The Hebrew Bible contains many examples of protest or complaint against God. There are classic cases in the psalms of individual lament, but we find the same attitude in community complaint psalms, in the prophetic challenges to God, and in the Book of Job. And yet, after the exile, the complaint tradition was largely suppressed or marginalized. In this imaginative book, Morrow asks the unheard of question, Why? A shift in the religious imagination of early Judaism had taken place, he argues, spearheaded by the psychology of trauma and by international politics. A magnification of divine transcendence downgraded the intercessory role of the prophet, controlled the raw pain of exile (Lamentations, Second Isaiah), and led to intransigent refusal of the logic of lament (the friends and Yahweh in Job). The theology of complaint was eventually overshadowed by the piety of penitence and praise (the Dead Sea Scrolls). Modern readers of the Hebrew Bible are not obliged to assent to the loss of lament, nevertheless. Ours is an age when the potency of the biblical complaints against God is being newly appropriated. Although the transcendental imagination of Western culture itself is moving into eclipse, a heightened individual consciousness has emerged. There may still be life, therefore, in the ancient prayer pattern of arguing with God, which assumes that worshippers have rights with God as well as duties, that the Creator has obligations to the creation as well as prerogatives. This stylish intellectual history will be welcomed for its scope, its panache and its theological engagement. Awarded the 2007 R.B.Y. Scott Book Award for an outstanding book in the areas of Hebrew Bible and/or the Ancient Near East written by a member of the Canadian Society of Biblical Studies.
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Voyages in Uncharted Waters: Essays on the Theory and Practice of Biblical Interpretation in Honor of David Jobling

Published: Oct 2006
Original price was: £50.00.Current price is: £19.95.
This volume honours the work of David Jobling, the distinguished Professor of Old Testament Language and Literature at St Andrew's College, Saskatoon, Canada. Jobling has been noted for his adventurous forays into the theory and practice of biblical interpretation, especially of the Hebrew Bible, and for his interdisciplinary bridge-building. The volume is divided into three sections corresponding to three of Jobling's principal interests, each section being prefaced with an introduction to his work in that area by the editors. Section 1 is on Post-Structuralism, with contributions by Gary Phillips, George Aichele, Francis Landy, Robert Culley and Matthew Mitchell. In Section 2, on Ideological Criticism, the authors are Roland Boer, David Gunn, Volker Greifenhagen and Tina Pippin. Section 3, on Global Readings, contains papers by Gerald West, Jione Havea, Ed Conrad and Norman Habel. The Festschrift concludes with personal tributes by Christopher Lind and Norman Gottwald.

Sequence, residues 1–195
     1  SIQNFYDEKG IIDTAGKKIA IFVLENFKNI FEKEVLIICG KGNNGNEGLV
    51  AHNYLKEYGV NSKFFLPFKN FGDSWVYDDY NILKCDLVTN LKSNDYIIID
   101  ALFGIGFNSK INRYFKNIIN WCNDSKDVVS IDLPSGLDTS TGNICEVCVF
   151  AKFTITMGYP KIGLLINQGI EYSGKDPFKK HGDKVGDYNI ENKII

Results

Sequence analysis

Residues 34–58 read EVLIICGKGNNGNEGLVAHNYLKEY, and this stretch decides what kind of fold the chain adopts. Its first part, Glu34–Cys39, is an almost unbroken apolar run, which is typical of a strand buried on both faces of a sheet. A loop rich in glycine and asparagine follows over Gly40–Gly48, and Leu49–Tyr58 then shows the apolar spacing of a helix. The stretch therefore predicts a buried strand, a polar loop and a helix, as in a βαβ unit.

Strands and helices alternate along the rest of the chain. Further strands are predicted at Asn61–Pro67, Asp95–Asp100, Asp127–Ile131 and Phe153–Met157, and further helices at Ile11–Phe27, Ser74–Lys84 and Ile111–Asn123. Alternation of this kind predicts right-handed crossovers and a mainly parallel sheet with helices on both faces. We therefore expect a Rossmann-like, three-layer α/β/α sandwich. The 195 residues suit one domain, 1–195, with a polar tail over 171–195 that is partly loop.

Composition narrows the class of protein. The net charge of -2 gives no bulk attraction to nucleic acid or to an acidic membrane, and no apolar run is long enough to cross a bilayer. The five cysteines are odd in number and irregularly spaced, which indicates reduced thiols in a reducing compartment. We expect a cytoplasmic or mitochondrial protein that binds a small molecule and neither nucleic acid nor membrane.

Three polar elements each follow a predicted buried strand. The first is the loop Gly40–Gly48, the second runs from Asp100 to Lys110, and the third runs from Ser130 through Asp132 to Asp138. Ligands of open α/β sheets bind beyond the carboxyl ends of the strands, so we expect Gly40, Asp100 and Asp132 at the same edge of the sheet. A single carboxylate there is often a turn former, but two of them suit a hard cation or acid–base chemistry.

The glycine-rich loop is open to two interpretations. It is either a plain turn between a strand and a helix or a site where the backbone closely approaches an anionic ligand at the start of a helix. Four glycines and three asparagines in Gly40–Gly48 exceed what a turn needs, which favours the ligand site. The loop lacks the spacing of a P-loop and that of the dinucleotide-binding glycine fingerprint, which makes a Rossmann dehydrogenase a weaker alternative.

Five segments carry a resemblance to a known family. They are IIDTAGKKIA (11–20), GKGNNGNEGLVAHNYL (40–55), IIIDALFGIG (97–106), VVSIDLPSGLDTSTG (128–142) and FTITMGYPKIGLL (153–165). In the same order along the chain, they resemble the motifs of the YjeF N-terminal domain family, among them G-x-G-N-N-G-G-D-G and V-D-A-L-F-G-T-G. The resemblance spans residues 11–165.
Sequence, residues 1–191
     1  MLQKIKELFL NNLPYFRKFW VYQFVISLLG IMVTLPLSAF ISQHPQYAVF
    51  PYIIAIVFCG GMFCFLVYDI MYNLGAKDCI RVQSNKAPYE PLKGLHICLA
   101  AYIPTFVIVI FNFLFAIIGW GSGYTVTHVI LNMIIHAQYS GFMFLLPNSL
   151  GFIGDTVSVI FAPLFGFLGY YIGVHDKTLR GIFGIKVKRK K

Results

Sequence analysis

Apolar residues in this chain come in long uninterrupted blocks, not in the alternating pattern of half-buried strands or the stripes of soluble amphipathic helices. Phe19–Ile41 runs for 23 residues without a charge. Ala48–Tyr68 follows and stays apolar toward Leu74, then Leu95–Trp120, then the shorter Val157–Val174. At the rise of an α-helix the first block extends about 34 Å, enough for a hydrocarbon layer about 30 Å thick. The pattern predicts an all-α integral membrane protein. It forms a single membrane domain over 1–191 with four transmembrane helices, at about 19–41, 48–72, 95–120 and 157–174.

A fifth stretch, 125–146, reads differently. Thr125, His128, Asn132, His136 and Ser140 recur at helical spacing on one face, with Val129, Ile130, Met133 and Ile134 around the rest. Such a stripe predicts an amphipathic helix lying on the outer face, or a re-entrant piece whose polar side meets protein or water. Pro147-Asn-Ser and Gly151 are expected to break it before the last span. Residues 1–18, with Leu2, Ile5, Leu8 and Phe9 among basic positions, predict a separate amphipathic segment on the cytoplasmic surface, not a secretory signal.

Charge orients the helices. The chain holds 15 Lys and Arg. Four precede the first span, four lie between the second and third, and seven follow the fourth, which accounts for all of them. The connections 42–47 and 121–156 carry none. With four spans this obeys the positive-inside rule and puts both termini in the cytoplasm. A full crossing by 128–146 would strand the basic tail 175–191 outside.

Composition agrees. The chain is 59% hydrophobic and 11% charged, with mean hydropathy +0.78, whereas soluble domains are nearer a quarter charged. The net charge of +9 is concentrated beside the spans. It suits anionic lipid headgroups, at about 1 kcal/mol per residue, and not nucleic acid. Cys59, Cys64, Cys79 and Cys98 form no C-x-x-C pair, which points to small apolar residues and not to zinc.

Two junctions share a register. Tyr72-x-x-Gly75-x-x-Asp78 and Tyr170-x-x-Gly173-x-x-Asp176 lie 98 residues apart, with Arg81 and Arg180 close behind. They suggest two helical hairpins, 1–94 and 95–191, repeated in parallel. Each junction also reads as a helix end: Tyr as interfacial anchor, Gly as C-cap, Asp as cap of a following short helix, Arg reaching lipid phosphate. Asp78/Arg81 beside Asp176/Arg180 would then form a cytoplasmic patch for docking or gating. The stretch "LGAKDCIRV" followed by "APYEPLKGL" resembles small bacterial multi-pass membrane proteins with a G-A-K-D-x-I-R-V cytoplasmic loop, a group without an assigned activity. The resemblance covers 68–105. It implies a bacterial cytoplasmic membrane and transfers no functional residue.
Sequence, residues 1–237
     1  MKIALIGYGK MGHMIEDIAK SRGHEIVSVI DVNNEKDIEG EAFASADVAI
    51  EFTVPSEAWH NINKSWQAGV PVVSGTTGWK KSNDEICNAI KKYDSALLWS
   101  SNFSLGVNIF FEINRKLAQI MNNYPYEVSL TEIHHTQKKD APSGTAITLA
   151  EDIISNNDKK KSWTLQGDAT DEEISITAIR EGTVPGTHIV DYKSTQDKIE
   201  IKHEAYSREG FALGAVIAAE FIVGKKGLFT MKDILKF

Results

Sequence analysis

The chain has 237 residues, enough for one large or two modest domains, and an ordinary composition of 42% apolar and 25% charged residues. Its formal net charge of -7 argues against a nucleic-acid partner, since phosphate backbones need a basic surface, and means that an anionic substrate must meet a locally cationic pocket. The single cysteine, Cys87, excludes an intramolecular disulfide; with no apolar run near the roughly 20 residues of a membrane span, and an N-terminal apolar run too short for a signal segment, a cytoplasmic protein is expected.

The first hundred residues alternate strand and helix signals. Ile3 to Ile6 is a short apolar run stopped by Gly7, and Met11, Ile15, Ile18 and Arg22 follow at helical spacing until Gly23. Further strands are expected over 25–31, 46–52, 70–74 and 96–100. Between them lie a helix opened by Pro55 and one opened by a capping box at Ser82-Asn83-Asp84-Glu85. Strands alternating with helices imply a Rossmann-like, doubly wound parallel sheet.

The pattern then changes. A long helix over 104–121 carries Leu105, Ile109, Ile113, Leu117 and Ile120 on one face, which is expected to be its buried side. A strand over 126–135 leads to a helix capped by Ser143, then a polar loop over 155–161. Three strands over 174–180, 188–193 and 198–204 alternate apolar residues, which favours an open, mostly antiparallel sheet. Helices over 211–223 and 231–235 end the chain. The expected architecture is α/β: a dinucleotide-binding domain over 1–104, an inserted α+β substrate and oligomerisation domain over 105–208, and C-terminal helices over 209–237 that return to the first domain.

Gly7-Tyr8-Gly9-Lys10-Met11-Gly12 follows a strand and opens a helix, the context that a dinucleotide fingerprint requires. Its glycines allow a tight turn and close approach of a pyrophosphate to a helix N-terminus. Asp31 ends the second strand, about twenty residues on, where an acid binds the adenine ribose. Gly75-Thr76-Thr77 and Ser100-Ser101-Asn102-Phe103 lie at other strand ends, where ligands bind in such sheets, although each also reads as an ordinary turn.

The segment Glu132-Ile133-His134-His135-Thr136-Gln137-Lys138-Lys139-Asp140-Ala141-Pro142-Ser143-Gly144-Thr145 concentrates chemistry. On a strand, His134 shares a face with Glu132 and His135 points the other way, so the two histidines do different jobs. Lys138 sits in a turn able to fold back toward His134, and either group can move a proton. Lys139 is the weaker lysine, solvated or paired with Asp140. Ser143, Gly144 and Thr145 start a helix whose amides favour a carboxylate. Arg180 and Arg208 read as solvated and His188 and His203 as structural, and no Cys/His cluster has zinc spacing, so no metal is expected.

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Voyages in Uncharted Waters: Essays on the Theory and Practice of Biblical Interpretation in Honor of David Jobling

Original price was: £50.00.Current price is: £19.95.
This volume honours the work of David Jobling, the distinguished Professor of Old Testament Language and Literature at St Andrew's College, Saskatoon, Canada. Jobling has been noted for his adventurous forays into the theory and practice of biblical interpretation, especially of the Hebrew Bible, and for his interdisciplinary bridge-building. The volume is divided into three sections corresponding to three of Jobling's principal interests, each section being prefaced with an introduction to his work in that area by the editors. Section 1 is on Post-Structuralism, with contributions by Gary Phillips, George Aichele, Francis Landy, Robert Culley and Matthew Mitchell. In Section 2, on Ideological Criticism, the authors are Roland Boer, David Gunn, Volker Greifenhagen and Tina Pippin. Section 3, on Global Readings, contains papers by Gerald West, Jione Havea, Ed Conrad and Norman Habel. The Festschrift concludes with personal tributes by Christopher Lind and Norman Gottwald.